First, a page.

‘OM staff must be appropriately skilled and supported, with a competency threshold for each role, including a senior manager in each establishment with the lead responsibility for OM. ‘

5. The responsibility for custodial OM should sit with the prison

‘OM staff must be accountable to the Governing Governor/Director, who should be responsible and accountable for the quality of the offender management provided to the establishment’s prisoners. OM must therefore be properly reflected within the performance framework for prisons, utilising effective performance measures that are accorded appropriate weight.’

Our views

All of the above looks to be sensible and should give rise to an interesting debate where I want us to have a strong influence on the final outcomes, so I would welcome feedback from members through their Branches in terms of how you see things. I am particularly exercised by the last of the principles following a meeting that Katie Lomas and I had with Russ Trent who is the new Governor of HMP Wrexham. I reckon his could be a name to watch out for, but I was especially struck by his positive attitude and his recognition of the important role that our members play in the rehabilitative process.

His ideas about listening to the experts and deploying their skills effectively, clearly suggests that he would like to see probation practitioners in the driving seat irrespective of the aim by NOMS to see all of custodial OM responsibility remain in the prison. In response, we were able to point out that previous attempts to reform OM had led to the patchy regime that exists now and that with the best will in the world, making the required transition will need to involve communities and practitioners across prisons and probation to make it work effectively. Russ and his allies will have their work cut out, but as always we stand ready to positively engage.

If (the soon to be constructed) HMP Wrexham is the start of a new model of OM delivery then let’s hope it becomes a beacon for others rather than just another future project for the bureaucrats and politicians to get their clammy hands on.

Napo and HMI Probation

Since the departure of Paul McDowell as HMI Probation, and the tensions of the pre-TR world, we have felt much more comfortable in our relationship with the inspectorate.

Our meeting with them last week provided us with an opportunity to get a perspective on how they see things post-TR, and for us to let them have the up to date view of the experiences of our members at the sharp end. Whilst we have broad agreement on the areas that still require attention, all of which have been covered in their last published report such as ICT, workload allocation and communication within NPS and across to CRC’s, we do have a different opinion to the inspectorate about just how long it will be before things in the NPS actually start to improve.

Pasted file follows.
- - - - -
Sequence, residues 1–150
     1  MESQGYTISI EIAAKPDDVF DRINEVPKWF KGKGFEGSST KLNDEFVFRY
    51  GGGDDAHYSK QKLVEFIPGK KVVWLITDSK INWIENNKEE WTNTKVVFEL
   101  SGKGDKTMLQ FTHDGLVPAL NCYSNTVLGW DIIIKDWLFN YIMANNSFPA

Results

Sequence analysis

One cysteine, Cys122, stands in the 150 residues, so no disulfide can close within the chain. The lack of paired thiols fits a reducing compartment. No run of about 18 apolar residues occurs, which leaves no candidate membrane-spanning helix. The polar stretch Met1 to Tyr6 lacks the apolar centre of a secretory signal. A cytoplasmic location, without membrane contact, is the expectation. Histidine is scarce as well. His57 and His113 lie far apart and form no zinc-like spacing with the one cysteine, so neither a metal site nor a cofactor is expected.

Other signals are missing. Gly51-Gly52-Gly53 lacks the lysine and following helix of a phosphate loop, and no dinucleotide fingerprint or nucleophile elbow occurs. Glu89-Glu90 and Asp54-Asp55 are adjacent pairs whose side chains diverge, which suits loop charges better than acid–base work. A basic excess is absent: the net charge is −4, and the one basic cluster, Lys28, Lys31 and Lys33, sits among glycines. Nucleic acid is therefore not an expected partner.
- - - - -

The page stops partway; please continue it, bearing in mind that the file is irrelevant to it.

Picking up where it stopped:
Meanwhile, we have released information and exchanges that they will take into consideration during their fieldwork, and we can expect another report fairly soon. We have also asked NOMS to let us see their formal response to the 67 recommendations contained in the HMIP report earlier this year. In a similar vein we have been invited to provide evidence to the National Audit Office as they embark on a Value for Money review of the TR programme. I reckon we should have a bit to say on that one as well.

Finally, here's details of an up-coming conference in Leicester next Thursday and at only £37:-

Privatisation of Criminal Justice

The Privatisation of Criminal Justice conference is to be held at College Court on 17 September 2015.

Conference aims:

  • To explore the general development of privatisation across the criminal justice system as a whole.
  • To provide an opportunity to discuss the expanding role of the private sector in criminal justice from a critical perspective.
  • To critically discuss the recent privatisation of substantial aspects of probation, policing and prisons.
  • To generate discussion and consideration of the impact of privatisation on practitioners, victims and those who offend.
Each speaker will deliver a presentation of approximately 20 minutes and there will be time allocated in each session for questions and discussion. 

Conference Themes:

Experience of the private prison sector
The probation service in England and Wales